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We were on the Cabot Trail in Cape Breton.

You sure you know where you’re going? he asked.
Absolutely – Meat Cove – most northerly point in Nova Scotia. It’s at the end of this road, isn’t it?
Sure is. But are you sure you want to go there? he persisted.

I met Eric on the Cabot Trail, about 11 km from Meat Cove. He drives a gravel truck. We were stopped by a flagger on a road under construction and we got chatting. As you do. He told me that bloodlines were very thin in Meat Cove. And that the cops dared not venture in. Shoot-outs weren’t unusual and, as Chuck (another trucker) would tell me later, the foundations we would see were not new houses waiting to be built, but old houses that had been burned out ‘cuz the locals didn’t like ’em. 

Cabot trailCabot trail Cape Breton

We were on the Cabot Trail. We’d left Margoree Harbour that morning and had driven into the Cape Breton Highlands National Park. The scenery was nothing short of spectacular. It was like driving through a Monet exhibition, had the great man ever painted autumn. As the day progressed, we wended our way in and out of the park, stopping here, there, and yonder, with little aim other than to reach Ingonish by six-ish  or seven or whenever.

We ran into Chéticamp, famous for its hookers – and no, I don’t mean boats or prostitutes, I mean rug hookers…people who use hooks like crochet hooks to make rugs. The things ya learn on the road. We sailed past Pleasant Bay and declined all offers that guaranteed us a whale sighting – it was if we’d been divinely inspired and knew what awaited us at Meat Cove.

Cabot trail Cape Breton cemeteryCape North Highlands museumWe stopped at Cape North where the North Highlands Community Museum was closed (qu’elle surprise) but the local cemetery was open – and full of McLeods. The Settlers Garden represents, in miniature, the natural and cultivated world of the early European settlers who made their homes in the North Highlands of Cape Breton. I tell you, these lads have it sussed – simplicity all the way and ten times as effective and emotive than the grandest of displays.

Meat Cove Cape BretonFrom there we took the road to Meat Cove, as advised by Gordon, our host the night before. Some miles in, we hit construction, where I met Eric. Some might well have been put off and turned around … but I’d never seen a thin bloodline or witnessed a shoot-out with shots being fired and I was curious. When we finally got to the end of the road, it was beautiful – yes. There was a humpback whale playing in the water, and he a shameless exhibitionist at that. Magnificent. There were two restaurants – one of which was closed and the second didn’t have enough veg in the kitchen to make a salad. Enough said.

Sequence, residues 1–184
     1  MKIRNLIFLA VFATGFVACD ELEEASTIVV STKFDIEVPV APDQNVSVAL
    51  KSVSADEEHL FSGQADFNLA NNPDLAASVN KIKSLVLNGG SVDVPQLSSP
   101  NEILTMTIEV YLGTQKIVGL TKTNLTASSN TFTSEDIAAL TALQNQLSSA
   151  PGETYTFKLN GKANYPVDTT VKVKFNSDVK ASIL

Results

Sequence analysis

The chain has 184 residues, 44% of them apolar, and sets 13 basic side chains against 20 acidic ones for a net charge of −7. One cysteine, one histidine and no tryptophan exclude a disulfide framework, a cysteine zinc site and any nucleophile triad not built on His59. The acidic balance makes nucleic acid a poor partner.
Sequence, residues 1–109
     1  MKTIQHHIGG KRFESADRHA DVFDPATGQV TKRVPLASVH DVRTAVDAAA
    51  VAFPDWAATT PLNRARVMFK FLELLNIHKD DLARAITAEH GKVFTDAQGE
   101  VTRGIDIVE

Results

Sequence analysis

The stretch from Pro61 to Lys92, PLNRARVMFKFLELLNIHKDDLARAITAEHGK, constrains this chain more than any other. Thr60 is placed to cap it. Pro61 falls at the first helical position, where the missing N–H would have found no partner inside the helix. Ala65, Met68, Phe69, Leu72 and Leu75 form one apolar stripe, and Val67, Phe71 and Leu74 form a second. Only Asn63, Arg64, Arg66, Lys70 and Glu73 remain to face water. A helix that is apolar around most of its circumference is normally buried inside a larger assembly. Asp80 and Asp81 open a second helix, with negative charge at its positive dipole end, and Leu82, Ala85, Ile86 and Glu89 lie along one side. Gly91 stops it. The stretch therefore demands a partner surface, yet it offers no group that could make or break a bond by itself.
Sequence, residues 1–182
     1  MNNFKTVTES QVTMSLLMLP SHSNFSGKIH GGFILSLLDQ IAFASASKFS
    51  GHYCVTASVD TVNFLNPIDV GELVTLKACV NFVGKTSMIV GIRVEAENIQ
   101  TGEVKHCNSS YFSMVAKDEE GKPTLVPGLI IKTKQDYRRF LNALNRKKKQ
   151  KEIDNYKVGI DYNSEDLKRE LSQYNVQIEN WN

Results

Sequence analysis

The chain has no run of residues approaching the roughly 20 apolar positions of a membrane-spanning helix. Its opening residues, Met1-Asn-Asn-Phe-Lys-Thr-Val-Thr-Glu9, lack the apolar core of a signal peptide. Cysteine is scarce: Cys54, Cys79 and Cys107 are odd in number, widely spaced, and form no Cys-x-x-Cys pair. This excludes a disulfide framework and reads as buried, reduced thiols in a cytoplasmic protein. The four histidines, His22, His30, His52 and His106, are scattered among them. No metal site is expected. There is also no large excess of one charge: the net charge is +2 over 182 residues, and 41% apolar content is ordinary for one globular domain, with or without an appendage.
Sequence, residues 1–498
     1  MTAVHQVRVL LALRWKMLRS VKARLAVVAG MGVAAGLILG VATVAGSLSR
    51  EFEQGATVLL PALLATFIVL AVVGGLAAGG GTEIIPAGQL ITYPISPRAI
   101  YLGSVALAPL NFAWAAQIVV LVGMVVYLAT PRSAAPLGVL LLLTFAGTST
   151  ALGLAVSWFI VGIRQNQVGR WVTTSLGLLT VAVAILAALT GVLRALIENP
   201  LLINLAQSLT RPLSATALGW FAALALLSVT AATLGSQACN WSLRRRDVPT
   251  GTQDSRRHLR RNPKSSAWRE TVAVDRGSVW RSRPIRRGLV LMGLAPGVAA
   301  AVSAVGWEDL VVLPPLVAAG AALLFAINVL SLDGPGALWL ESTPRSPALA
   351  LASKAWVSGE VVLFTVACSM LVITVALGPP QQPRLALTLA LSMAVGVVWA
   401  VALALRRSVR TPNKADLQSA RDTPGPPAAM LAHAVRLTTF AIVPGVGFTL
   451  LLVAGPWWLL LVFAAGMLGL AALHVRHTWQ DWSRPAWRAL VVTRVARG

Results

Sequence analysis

Waiting for the flagger to take us back up the trail, I got chatting to Chuck. He’d been part of a work crew there to lay gravel for 12 days and he couldn’t wait to get home. He was a big man. A tough man. And he was casting furtive glances over a massive shoulder and speaking in whispers. We didn’t hang around. Before we left though, I did ask one of the four locals I saw (there are nine families in total….) why it was called Meat Cove.  Back when, I don’t know the date, sailors used to drive by and see caribou. They’d get out and hunt and so it came known as meat cove. Enough said (I said that already, didn’t I?). Still, I got to chat with Chuck and Eric and have breaded clams from Dingwall, enjoy the thought of a salad, and see a whale relatively up close and in mammal. Not bad for a Thursday afternoon in the boonies. Meat Cove Cape BretonWith the petrol light blinking a violent orange and three successive gas stations closed, we were happy to ride on vapours into Neal’s Harbour and find a gas station open. The map had conveniently pointed out the gas stations, but hadn’t said when they were open or closed. This part of the world is getting ready for the last hurray of the year – the Celtic Colours Festival – after which the place shuts up and half the occupants snow-bird it to Florida – the other half have already left 🙂

Cape Breton Neal's Harbor

We thought we were staying in Ingonish but we were actually 45 minutes further up the road, closer to Baddeck. Prompted by some sixth sense (in honesty, more to do with the number of ‘closed for the season’ signs we were seeing), we dropped by the one liquor store we’d seen in two days. These Bluenoses are a clean living people – they don’t smoke, don’t seem to drink, and always obey the speed limit, even when there isn’t a cop within a hundred-mile radius. The place is pristine clean with not a rubbish bin in sight so they don’t litter either. Did I use the word ‘surreal’ already?

Church Cape BretonCape Breton ChurchWe passed plenty of churches of all denominations, shapes, and sizes. I wonder how so many of them make do with so few people – but they seem to work and what’s more, they’re open. Regular readers will be familiar with my rants about closed churches in Europe and how difficult it is to find one open and with candles. It was a pleasant surprise to see a sign, no less, saying that St Peter’s was open for prayer (without the candles though). Unfortunately I can’t remember exactly what part of the road it was on but I think it safe to say it was the Baddeck side of Ingonish because we were still praying we’d find the Sea Parrot Inn before dark.

Cabot Trail Cape Breton Mind you, stopping as we did every ten minutes or so to marvel and something that was just as gorgeous as what had gone before, it was a wonder we got there at all. There are no words to describe the beauty of it all. A thousand adjectives couldn’t do it justice. Billed as the most spectacular drive in the world, the Cabot Trail, in the autumn, has to be as close as you get to perfection on this earth. I would challenge the staunchest atheist not to wonder if there is a God because it is difficult to ascribe this sort of beauty to anything other than a miracle.